Natural Disasters and Coastal Agro-ecosystems

  • Velmurugan Ayyam
  • Swarnam Palanivel
  • Sivaperuman Chandrakasan


The coastal regions are prone to natural disasters, but the impact varies with the geographical location and adaptive capacity of the individual countries to cope with the post-disaster situations. Historical records show that cyclonic storm and flooding are the major disasters experienced, and these inflict heavy loss to agriculture and allied sectors. One of the main reasons for poor productivity and services of agro-ecosystem is due to uncertain weather and its associated natural disasters. On an average, the agriculture sector—including crops, livestock, fisheries, and forestry—absorbs approximately 22% of the economic impact caused by medium- and large-scale natural hazards and disasters. The high impact of natural hazards and disasters on agriculture calls for enhanced mainstreaming of disaster risk reduction and resilience building within the agricultural sectors. Adaptation options such as protective and production measures besides proper policy supports are discussed in this chapter.


Cyclones Flooding Tropical coast Agro-ecosystem Disaster management 


  1. Ambast SK, Ravisankar N, Velmurugan A (2011) Land shaping for crop diversification and enhancing agricultural productivity in degraded lands of Andaman and Nicobar Islands. J Soil Salinity Water Qual 3(2):83–87Google Scholar
  2. Anaman KA (2003) Assessing the economic and social impacts of extreme events in agriculture and use of meteorological information to reduce adverse impacts. In: Agrometeorology related to Extreme Events. WMO No. 943, World Meteorological Organization, GenevaGoogle Scholar
  3. Anderson M (1990) Analyzing the costs and benefits of natural disaster responses in the context of development, Environment working paper 29. World Bank, Washington, DCGoogle Scholar
  4. Anonymous (1990) Disaster, planning and development: managing natural hazards to reduce loss. Department of Regional Development and Environment Executive Secretariat for Economic and Social Affairs Organization of American States, Washington, DCGoogle Scholar
  5. Benfield A (2017) Weather, climate & catastrophe insight. Annual Report 2017. reports 2017. Accessed 22 Oct 2018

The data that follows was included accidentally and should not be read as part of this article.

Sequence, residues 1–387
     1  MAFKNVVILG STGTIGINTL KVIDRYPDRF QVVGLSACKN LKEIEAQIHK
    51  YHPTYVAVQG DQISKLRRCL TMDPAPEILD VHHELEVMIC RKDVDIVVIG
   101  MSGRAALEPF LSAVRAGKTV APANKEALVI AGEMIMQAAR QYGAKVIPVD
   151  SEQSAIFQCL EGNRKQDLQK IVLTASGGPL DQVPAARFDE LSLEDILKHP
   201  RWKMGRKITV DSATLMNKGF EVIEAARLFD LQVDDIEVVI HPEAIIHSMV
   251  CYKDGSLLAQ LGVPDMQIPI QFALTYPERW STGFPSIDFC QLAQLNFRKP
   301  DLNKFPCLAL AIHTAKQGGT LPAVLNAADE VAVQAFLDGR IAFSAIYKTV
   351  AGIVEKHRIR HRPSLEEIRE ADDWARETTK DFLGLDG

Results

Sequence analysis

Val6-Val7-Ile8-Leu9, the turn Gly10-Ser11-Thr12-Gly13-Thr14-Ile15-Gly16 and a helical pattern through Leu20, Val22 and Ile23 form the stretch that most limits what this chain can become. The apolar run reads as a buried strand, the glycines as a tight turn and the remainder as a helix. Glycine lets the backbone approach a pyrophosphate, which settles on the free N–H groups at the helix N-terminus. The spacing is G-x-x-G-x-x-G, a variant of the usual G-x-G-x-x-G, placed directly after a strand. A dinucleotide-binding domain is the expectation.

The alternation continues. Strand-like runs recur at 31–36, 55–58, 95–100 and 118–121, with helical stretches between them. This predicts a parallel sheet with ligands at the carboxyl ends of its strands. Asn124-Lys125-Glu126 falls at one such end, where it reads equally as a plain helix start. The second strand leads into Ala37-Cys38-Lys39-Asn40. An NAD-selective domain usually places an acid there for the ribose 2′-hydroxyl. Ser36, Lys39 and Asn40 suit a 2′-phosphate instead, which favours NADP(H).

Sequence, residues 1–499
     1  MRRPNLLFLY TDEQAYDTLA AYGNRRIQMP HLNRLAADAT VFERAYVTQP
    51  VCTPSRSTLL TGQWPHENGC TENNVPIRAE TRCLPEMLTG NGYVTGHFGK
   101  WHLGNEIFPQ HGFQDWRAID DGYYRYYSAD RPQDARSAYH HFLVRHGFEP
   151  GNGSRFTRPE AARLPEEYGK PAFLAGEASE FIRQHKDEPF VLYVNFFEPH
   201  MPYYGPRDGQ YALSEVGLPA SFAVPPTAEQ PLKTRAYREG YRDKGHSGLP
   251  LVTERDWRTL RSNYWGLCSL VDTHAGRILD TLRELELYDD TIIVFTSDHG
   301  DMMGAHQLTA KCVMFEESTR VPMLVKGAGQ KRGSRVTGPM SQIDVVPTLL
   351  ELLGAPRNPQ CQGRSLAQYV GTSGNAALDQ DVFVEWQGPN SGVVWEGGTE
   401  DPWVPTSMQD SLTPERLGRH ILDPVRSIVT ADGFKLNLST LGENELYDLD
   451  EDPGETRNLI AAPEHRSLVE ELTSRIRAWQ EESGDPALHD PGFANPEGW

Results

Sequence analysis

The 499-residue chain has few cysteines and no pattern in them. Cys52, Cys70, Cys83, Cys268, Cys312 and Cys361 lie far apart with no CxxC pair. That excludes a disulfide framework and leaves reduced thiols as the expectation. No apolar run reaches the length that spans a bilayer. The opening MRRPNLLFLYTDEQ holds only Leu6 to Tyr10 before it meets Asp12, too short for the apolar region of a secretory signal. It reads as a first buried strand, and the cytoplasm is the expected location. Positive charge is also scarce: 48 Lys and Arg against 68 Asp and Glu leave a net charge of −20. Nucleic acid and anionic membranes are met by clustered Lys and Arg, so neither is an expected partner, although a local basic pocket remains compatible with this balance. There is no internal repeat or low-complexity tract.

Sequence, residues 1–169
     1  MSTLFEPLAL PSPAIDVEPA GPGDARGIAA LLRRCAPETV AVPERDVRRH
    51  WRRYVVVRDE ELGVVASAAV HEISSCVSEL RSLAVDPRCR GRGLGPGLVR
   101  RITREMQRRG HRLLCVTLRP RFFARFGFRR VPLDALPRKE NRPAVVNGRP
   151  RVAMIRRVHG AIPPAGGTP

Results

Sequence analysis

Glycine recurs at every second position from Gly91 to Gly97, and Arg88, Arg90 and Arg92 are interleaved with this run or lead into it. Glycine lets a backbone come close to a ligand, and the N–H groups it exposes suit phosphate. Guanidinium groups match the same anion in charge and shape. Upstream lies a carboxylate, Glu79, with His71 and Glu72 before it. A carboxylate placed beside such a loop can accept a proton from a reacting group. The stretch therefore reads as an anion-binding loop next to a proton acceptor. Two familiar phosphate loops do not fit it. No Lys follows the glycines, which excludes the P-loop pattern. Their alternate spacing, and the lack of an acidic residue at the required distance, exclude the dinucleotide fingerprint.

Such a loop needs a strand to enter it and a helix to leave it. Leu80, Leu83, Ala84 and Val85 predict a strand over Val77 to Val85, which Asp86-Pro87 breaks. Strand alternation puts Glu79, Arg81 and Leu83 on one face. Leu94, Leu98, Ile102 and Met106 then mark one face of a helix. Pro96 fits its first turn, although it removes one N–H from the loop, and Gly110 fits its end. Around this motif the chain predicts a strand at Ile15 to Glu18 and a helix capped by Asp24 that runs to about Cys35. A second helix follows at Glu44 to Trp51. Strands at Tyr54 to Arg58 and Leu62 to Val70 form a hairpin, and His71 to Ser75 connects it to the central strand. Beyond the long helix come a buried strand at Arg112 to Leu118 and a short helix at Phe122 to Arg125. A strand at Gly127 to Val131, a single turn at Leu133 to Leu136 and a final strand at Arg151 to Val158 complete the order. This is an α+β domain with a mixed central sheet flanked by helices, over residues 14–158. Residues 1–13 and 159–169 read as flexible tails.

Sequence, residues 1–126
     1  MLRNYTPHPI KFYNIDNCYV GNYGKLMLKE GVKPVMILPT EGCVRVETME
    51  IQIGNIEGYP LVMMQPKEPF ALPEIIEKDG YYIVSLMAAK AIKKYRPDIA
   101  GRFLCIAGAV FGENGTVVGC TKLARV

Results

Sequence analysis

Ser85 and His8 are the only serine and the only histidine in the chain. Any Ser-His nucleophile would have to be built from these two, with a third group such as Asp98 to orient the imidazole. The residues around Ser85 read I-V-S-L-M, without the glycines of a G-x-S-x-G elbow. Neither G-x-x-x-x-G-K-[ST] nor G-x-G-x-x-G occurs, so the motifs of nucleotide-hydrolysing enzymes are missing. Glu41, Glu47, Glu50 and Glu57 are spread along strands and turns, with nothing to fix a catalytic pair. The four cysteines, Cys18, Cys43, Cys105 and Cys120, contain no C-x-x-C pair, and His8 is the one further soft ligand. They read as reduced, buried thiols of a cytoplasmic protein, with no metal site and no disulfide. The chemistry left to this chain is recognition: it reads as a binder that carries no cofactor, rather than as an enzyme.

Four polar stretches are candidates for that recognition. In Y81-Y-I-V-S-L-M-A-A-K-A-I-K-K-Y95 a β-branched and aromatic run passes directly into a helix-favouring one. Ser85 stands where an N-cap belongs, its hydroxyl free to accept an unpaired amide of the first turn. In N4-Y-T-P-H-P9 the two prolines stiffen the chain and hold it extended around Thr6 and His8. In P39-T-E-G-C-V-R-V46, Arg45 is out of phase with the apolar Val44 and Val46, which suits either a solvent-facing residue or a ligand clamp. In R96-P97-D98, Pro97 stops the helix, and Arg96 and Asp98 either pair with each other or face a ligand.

6. Charveriat C (2000) Natural disasters in Latin America and the Caribbean: an overview of risk, Research Department working paper no. 434. Inter-American Development Bank, Washington, DCGoogle Scholar
  7. Chattopadhyay N, Chandras S (2018) Agro-meteorological advisory services for informed decision making in India. In: Chandrakasan Sivaperuman C, Velmurugan A, Singh AK, Jaisankar I (eds) Biodiversity and climate change adaptation in tropical islands. Academic, USA, pp 763–783Google Scholar
  8. Church JA, White N, Hunter J (2006) Sea level rise at tropical Pacific and Indian Ocean islands. Glob Planet Chang 53:155–168CrossRefGoogle Scholar
  9. CIDI (2002) International disaster situation reports. Center for International Disaster Information. Accessed on 18 Aug 2018
  10. Das HP (2003) Incidence, prediction, monitoring and mitigation measures of tropical cyclones and storm surges. In: Agrometeorology related to extreme events. WMO No. 943, World Meteorological Organization, GenevaGoogle Scholar
  11. Emanuel K (2005) Increasing destructiveness of tropical cyclones over the past 30 years. Nature 436:686–688CrossRefGoogle Scholar
  12. FAO (2015a) The impact of natural hazards and disasters on agriculture and food security and nutrition a call for action to build resilient livelihoods. Food and Agriculture Organization, RomeGoogle Scholar
  13. FAO (2015b) The impact of disasters on agriculture and food security. Food and Agriculture Organization, Rome. Scholar
  14. FAO and World Bank (2001) Farming systems and poverty- improving farmers’ livelihoods in a changing world. FAO and World Bank, RomeGoogle Scholar
  15. FAOSTAT (2014) Country statistics. Food and Agriculture Organization of the United Nations. Accessed 18 July 2018
  16. Fish MR, Cote IM, Gill JA, Jones AP, Renshoff S, Walkinson A (2005) Predicting the impact of sea level rise on Caribbean sea turtle nesting habitat. Conserv Biol 19:482–491CrossRefGoogle Scholar
  17. Gilman E, Van Lavieren H, Ellison J, Jungblut V, Wilson L et al (2006) Pacific Island mangroves in a changing climate and rising sea, UNEP regional sea reports and studies 179. United Nations Environment Programme, Regional Sea Programme, Nairobi, p 58Google Scholar
  18. Griffiths GM, Salinger MJ, Leleu I (2003) Trends in extreme daily rainfall across the South Pacific and relationship to the South Pacific Convergence Zone. J Climatol 23:847–869CrossRefGoogle Scholar
  19. HLPE (2012) Food security and climate change. A report by the high level panel of experts on food security and nutrition of the Committee on World Food Security, Rome, ItalyGoogle Scholar
  20. Hughes T, Baird A, Bellwood D, Card M, Connolly S et al (2003) Climate change, human impacts, and the resilience of coral reefs. Science 301:929–933CrossRefGoogle Scholar
  21. Jarvis A, Lau C, Cook S, Wollenberg E, Hansen J, Bonilla O, Challinor A (2011) An integrated adaptation and mitigation framework for developing agricultural research: synergies and trade-offs. Exp Agric 47(02):185–203CrossRefGoogle Scholar
  22. Johnson G (2003) Assessing the impact of extreme weather and climate events on agriculture with particular reference to flooding and rainfall. In: Agrometeorology related to extreme events. WMO No. 943, World Meteorological Organization, GenevaGoogle Scholar